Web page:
Week 2 December 2014: Rain = 16 millimetres. So far this month we have recorded 120 millimetres. This is the best rain for ages.

Acacia implexa is one species that has regenerated in large numbers on Yallaroo. This week they burst into bloom bringing a spring feel to the area. They are also profusely flowering along the road to Armidale. Melaleuca nesophila is also flowering well.

We had some visitors this week. They live east, towards Armidale, on blocks that had not been grazed in the past. Their blocks have an interesting range of plants that we do not have growing on Yallaroo. They may have been here in the past but heavy and indiscriminate grazing wiped them out. We had an interesting walk around the garden and cuttings were collected.

We also visited a colleague from our university days. He and his family have an interesting garden on the outskirts of Armidale.

We spent time indoors watching the cricket. This was the first test between Australia and India.

We continued planting this week. We dug holes in our northern garden and 12 plants found homes there. We watered and mulched the plants and also spread blood and bone around them. Hopefully this will deter the rabbits and kangaroos.

This week finished caging our vegetable beds. All seven beds are surrounded by wire netting cages. This will protect our vegetables. When we were away, on our cruise and visiting family, the kangaroos defoliated two lemon plants. One is in a pot and the other in the ground. Until the good rain all the grasses had dried out and food for macropods was rather scarce. The green, fleshy citrus leaves were too good to ignore and all the leaves were eaten. Since then both plants have put on new, fresh growth and have buds. We also have a cumquat but this was not touched. This plant has become covered in buds.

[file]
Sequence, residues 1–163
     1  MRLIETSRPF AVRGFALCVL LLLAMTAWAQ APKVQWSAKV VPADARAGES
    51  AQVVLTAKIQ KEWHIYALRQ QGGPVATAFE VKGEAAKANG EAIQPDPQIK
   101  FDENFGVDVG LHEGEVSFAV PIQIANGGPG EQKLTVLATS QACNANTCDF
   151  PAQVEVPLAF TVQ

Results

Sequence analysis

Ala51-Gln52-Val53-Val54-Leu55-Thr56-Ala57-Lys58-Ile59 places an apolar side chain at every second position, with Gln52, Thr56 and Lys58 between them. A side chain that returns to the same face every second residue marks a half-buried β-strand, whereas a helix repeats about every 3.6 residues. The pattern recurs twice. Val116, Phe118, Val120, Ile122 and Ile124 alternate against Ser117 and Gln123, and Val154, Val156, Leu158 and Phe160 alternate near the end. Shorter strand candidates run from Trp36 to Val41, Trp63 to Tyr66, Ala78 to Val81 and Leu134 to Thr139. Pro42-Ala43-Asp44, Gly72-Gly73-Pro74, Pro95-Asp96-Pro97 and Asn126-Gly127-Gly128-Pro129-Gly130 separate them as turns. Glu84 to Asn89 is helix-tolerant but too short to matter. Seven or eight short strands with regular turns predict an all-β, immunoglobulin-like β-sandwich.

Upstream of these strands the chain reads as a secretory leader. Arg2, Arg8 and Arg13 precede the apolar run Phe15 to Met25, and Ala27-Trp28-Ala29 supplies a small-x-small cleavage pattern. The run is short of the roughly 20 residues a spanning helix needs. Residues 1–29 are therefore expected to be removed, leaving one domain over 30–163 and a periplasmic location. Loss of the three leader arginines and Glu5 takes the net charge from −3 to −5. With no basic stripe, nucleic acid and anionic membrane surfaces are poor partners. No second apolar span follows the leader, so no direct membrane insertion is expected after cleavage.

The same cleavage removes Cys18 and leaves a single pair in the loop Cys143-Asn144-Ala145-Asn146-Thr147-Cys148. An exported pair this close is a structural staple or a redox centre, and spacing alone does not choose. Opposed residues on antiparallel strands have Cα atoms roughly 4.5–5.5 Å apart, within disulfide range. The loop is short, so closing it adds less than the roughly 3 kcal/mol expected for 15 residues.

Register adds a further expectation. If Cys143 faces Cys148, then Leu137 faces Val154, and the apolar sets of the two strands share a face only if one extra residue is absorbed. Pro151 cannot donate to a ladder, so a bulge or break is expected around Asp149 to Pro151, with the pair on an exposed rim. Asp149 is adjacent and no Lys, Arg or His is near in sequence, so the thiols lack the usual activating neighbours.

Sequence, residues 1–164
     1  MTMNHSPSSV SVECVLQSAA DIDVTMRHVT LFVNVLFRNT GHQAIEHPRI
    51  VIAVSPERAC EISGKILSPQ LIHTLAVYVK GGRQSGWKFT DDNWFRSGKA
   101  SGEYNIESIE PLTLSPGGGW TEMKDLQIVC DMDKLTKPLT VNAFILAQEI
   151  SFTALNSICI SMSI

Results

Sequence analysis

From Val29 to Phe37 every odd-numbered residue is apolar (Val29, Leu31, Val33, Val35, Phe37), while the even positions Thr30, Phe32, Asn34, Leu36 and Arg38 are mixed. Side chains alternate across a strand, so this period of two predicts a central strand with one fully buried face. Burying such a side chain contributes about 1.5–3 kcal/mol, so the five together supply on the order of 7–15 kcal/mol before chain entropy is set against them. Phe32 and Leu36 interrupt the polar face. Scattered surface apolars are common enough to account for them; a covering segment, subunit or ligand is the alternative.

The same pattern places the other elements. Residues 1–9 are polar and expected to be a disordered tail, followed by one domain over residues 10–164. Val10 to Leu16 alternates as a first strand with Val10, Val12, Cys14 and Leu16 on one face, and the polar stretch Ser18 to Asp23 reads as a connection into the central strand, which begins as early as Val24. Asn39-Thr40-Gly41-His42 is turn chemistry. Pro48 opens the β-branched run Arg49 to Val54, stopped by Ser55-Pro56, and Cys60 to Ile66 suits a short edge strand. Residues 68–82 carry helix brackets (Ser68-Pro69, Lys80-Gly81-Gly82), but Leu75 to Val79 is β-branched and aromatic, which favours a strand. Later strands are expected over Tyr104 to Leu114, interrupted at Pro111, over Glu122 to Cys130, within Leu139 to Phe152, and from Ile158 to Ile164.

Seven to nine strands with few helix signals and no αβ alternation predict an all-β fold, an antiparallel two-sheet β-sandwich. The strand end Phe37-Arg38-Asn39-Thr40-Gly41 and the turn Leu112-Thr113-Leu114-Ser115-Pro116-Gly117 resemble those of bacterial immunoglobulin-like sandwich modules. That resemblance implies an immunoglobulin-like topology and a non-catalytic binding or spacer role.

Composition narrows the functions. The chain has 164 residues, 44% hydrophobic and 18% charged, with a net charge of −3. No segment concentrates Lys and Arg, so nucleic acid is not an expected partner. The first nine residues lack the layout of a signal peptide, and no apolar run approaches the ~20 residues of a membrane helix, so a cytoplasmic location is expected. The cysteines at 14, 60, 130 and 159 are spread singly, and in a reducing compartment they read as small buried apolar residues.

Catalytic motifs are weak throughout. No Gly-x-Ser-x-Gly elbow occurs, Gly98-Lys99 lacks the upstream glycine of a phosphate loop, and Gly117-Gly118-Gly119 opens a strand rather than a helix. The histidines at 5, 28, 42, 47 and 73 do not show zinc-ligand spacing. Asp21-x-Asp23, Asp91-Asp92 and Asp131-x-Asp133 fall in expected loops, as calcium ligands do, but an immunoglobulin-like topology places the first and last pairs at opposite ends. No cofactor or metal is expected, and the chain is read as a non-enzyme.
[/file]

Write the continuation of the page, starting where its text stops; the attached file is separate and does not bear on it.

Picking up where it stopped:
We had some interesting wildlife observations this week. Our Willie Wagtails renovated their nest and laid three eggs. As well as sitting on the eggs they are still feeding the young from the last hatching. This week an Eastern Spinebill visited the flowers on our lemon plants. We saw a baby Scrub Wren in one of our shrubberies being fed by its parents. Four Silvereyes became very frustrated this week. We have two blueberries, in pots, on our deck. One plant is covered with ripening fruit. We covered the plant with netting to protect fruit from birds. The Silvereyes spent some time fruitlessly trying to penetrate the netting. In the coming week the fruit will be harvested thus removing avian temptation.

 

Garden Diary